A higher level of symptoms of posttraumatic stress disorder may increase the risk of coronary heart disease in older men, according to a report in the January issue of the Archives of General Psychiatry, one of the JAMA/Archives journals.
A link between stress and coronary heart disease (CHD) has long been proposed. Numerous studies have found that cardiovascular disease and its risk factors are more common among individuals with posttraumatic stress disorder (PTSD), according to background information in the article. But to the authors' knowledge, no prospective studies to date have examined PTSD in relation to CHD risk.
Laura D. Kubzansky, Ph.D., of the Harvard School of Public Health, Boston, and colleagues conducted a prospective study to test the hypothesis that high levels of PTSD symptoms may increase CHD risk, using two different measures of PTSD (the Mississippi Scale for Combat-Related PTSD and the Keane PTSD scale). The authors analyzed data on 1,946 men enrolled in the Veterans Affairs Normative Aging Study. All the study subjects were community-dwelling men from the Greater Boston area who served in the military. The authors looked for incident (new cases) of coronary heart disease occurring during follow-up through May 2001.
Using the Mississippi Scale for Combat-Related PTSD, the authors found that for each increase in symptom level, the men had a 26 percent increased risk for non-fatal heart attack and fatal CHD combined. They had a 21 percent increased risk for all CHD outcomes combined (non-fatal heart attack, fatal CHD, and angina). The findings were replicated using the Keane PTSD scale.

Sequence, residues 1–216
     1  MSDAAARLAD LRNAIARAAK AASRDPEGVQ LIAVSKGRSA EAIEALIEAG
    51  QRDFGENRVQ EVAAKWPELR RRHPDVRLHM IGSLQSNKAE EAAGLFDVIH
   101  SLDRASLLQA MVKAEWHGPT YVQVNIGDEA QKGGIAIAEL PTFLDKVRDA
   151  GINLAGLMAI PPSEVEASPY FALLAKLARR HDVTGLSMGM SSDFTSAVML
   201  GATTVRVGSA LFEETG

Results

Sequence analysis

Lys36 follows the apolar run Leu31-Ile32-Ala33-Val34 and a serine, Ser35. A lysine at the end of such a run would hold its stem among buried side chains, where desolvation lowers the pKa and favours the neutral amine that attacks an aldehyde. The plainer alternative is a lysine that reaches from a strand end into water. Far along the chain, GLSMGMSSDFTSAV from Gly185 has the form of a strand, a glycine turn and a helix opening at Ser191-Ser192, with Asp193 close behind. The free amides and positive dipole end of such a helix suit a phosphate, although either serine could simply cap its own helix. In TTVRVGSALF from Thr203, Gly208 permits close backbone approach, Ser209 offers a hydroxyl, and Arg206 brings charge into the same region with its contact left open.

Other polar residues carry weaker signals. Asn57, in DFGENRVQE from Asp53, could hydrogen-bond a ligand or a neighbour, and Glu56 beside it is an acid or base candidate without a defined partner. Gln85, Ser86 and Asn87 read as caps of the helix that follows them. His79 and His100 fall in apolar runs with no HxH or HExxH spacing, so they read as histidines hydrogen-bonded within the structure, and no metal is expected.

"This pattern of effects suggests that individuals with higher levels of PTSD symptoms are not simply prone to reporting higher levels of chest pain or other physical symptoms but may well be at higher risk for developing CHD," the authors write.
"These data suggest that prolonged stress and significant levels of PTSD symptoms may increase the risk for CHD in older male veterans," they conclude. "These results are provocative and suggest that exposure to trauma and prolonged stress not only may increase the risk for serious mental health problems but are also cardiotoxic."
(Arch Gen Psychiatry. 2007;64:109-116. Available pre-embargo to the media at www.jamamedia.org.)
Editor's Note: Please see the article for additional information, including other authors, author contributions and affiliations, financial disclosures, funding and support, etc.